Children, From Birth to Age 26

It's hard, nowadays, to know what age to select as dividing childhood from working adults. The age transition is slowly getting older, at least in the public mind. According to the Wall Street Journal, quoting William Kremer of BBC, the following was a quote from the Venetian Ambassador to England in 1500:"The English keep their children at home until the age of seven or nine at the utmost, then put them out, both males and females, to hard service in the houses of other people, binding them generally for another seven or nine years. Everyone, however rich he may be, sends away his children into the houses of others, whilst he in return, receives those of strangers into his own." In the 14th Century, Florentine merchant Paolo of Certaldo advised: "If you have a son that does nothing good, deliver him at once into the hands of a merchant who will send him to another country, or send him yourself to one of your close friends. Nothing else can be done. While he remains with you, he will not mend his ways."

In the 20th Century, children were considered adults at 18, when they graduated from high school, then it became 21 or 22 corresponding to college graduation. And now it is 26, as set down by the rules of the Affordable Care Act, which probably has Graduate School in mind. Or, because of the recession, perhaps it reflects the current difficulty of even a 26 year-old to find employment. This is a book about medical financing, not sociology or anthropology, but it must be noted that the official age of the end of childhood tends to reflect the difference between taking advice from your family, and taking the advice of your classmates. In that sense, the education industry is crowding out the advice of the family, with resultant conflict during the period between nine and twenty six. It seems to be the main source of friction from ninth grade to the end of graduate school, and probably also hastens the decline of religion as an influence, since the teachings of school and the teachings of religion are sometimes in conflict. Religion may well play a central role in the coming revulsion against the education industry, judging by the undercurrents of teen-age rebellion. Underneath it all would appear to be dispute about the responsibility for paying the child's expenses, in collision with surrendering control of how expenses are to be spent. Just as there is growing rebellion about college expenses, medical care expenses will probably share in the coming rearrangements that appear inevitable. Finally, to get back to it, it is possible that age 26 will be lowered to a new point where parents really could be expected to pay the medical expenses of children, willingly. Meanwhile, the abrupt outwelling of sympathy for a sick person can be expected to blur these boundaries more than in other dependencies.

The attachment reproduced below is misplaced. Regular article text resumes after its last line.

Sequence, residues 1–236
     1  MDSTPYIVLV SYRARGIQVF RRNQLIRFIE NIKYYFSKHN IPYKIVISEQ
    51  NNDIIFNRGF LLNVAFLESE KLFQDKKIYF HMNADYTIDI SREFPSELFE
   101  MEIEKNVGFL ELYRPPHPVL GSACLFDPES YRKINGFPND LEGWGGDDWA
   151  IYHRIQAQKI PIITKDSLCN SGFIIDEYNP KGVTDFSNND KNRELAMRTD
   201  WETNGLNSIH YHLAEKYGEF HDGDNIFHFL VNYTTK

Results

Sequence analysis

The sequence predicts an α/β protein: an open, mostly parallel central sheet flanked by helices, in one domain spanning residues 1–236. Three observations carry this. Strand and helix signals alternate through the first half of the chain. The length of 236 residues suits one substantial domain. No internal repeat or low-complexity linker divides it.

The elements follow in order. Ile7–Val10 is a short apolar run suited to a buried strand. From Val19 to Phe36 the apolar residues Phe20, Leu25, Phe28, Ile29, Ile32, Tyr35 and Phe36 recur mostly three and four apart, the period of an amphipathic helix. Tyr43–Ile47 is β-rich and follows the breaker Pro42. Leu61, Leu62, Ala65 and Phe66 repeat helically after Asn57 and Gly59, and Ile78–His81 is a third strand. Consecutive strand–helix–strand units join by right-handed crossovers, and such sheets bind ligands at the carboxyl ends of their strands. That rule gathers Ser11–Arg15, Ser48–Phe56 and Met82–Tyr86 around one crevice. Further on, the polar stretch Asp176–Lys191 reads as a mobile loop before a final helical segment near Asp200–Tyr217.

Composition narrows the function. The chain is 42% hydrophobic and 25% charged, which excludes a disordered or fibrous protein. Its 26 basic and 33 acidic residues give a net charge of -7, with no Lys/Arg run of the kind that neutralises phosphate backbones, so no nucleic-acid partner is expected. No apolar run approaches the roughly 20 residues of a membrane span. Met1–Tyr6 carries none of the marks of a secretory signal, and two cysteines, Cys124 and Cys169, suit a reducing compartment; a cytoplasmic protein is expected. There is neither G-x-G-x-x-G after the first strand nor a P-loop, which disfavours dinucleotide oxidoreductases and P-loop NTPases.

Admitting it is arbitrary, and mostly to maintain comparable statistics with the Affordable Care Act, we now define children as comprising the age group from birth to age 26, even though they may have risen to officer rank in the military forces, where many would be offended by the idea. For the same reasons, 26 is accepted as the age whose medical bills are "normally" considered the responsibility of parents, within the Health Savings Account system. We would like to recommend they be enrolled in an HSA at birth, with a single payment gifted by the parents at birth, sufficient to pay for all medical care to age 26, and including the option of including the child's own obstetrics in that calculation as well. That is what would be most convenient for insurance administration. Let's do some hypothetical math, along the line of what worked fairly well for somewhat older adults.


Grandparents Making a Gift of Lifetime Healthcare

Single Payments,($1000) at Birth; Longevity 85 yrs.

(Health Savings Account Must Achieve Growth to $10,850 at Age 26, $325,000 at Age 85.)

Interest Rate..........10%..............................7%............................3%.....

Achieved Age 26 $10,800.......................$5,000......................$2,100...........

Achieved Age 85 $3,000,000................$293,000..................$12,000...........


The purpose of this table is to illustrate that much might easily be achieved with a 10% return, but the same result cannot be confidently expected from lower returns. Lower returns are a definite possibility over an 26 year span of time. To achieve total health coverage with lower rates of prevailing return will almost certainly require more capital to be invested at the beginning, perhaps four times as much. A 3% return during a 3% inflation period, such as we have had for many years, would amount to standing still. Therefore, a gift of $1000 is going to stretch a great many budgets, so the best this approach can promise is to reduce, not eliminate, childhood health costs. Success can only be achieved by raising premiums later in life to make up the shortfall. It would take a skillful politician indeed to persuade half the population to stretch its budget this way, but we make the calculation in case politics demand it. Because this reproductive controversy would quickly degenerate into wrangles about which parent has what moral duty in the case of a divorce, this looks like an option which the affluent population should probably try, but government intervention in this direction is not easily foreseen.